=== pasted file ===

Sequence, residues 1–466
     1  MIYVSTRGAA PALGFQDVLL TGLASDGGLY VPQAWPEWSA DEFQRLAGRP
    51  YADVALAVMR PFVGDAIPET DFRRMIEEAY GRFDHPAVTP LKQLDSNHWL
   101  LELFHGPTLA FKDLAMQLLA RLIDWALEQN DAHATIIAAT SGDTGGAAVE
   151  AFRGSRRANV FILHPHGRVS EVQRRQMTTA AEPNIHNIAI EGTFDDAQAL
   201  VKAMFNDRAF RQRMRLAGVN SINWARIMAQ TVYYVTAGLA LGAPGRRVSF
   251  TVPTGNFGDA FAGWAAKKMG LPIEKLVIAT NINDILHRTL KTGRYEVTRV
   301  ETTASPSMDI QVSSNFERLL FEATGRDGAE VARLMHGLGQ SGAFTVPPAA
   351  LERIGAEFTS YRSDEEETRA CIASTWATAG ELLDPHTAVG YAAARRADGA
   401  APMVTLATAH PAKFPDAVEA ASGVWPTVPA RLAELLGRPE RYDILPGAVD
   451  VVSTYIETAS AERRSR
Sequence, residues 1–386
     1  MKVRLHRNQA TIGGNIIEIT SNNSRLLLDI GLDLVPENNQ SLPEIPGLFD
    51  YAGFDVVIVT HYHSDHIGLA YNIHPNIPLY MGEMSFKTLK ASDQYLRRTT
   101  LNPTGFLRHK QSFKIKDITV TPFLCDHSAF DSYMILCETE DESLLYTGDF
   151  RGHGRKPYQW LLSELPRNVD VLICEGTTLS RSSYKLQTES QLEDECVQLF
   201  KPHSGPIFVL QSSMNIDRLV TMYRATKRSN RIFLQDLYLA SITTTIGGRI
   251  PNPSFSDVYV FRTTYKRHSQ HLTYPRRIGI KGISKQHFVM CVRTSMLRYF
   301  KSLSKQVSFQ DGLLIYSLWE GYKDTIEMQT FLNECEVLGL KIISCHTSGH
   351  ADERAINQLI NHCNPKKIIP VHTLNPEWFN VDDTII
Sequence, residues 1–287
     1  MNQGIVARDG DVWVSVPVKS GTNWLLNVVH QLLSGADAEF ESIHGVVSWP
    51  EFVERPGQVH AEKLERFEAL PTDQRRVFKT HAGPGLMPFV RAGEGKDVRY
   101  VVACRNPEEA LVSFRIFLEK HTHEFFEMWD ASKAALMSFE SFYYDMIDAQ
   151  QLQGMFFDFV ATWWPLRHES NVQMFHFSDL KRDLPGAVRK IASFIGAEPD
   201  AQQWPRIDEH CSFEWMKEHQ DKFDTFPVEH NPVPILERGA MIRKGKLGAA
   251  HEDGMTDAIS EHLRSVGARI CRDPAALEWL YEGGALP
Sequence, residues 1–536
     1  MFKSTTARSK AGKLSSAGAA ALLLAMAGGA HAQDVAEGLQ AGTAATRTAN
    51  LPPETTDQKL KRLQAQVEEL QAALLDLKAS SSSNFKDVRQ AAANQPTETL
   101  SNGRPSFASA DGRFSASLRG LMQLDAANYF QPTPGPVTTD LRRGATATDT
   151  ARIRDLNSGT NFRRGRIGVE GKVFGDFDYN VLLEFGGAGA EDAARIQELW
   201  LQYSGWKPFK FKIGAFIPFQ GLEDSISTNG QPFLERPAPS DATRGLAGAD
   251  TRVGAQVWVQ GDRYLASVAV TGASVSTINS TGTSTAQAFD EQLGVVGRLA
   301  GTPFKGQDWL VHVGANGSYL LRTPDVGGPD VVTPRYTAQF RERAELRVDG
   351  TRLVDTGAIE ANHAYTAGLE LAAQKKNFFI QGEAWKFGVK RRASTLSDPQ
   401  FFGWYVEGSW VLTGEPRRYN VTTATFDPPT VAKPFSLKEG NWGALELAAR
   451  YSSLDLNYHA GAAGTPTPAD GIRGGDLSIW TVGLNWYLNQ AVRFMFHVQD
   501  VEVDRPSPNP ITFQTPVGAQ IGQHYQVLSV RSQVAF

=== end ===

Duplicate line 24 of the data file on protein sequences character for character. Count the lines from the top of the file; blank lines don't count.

   101  VVACRNPEEA LVSFRIFLEK HTHEFFEMWD ASKAALMSFE SFYYDMIDAQ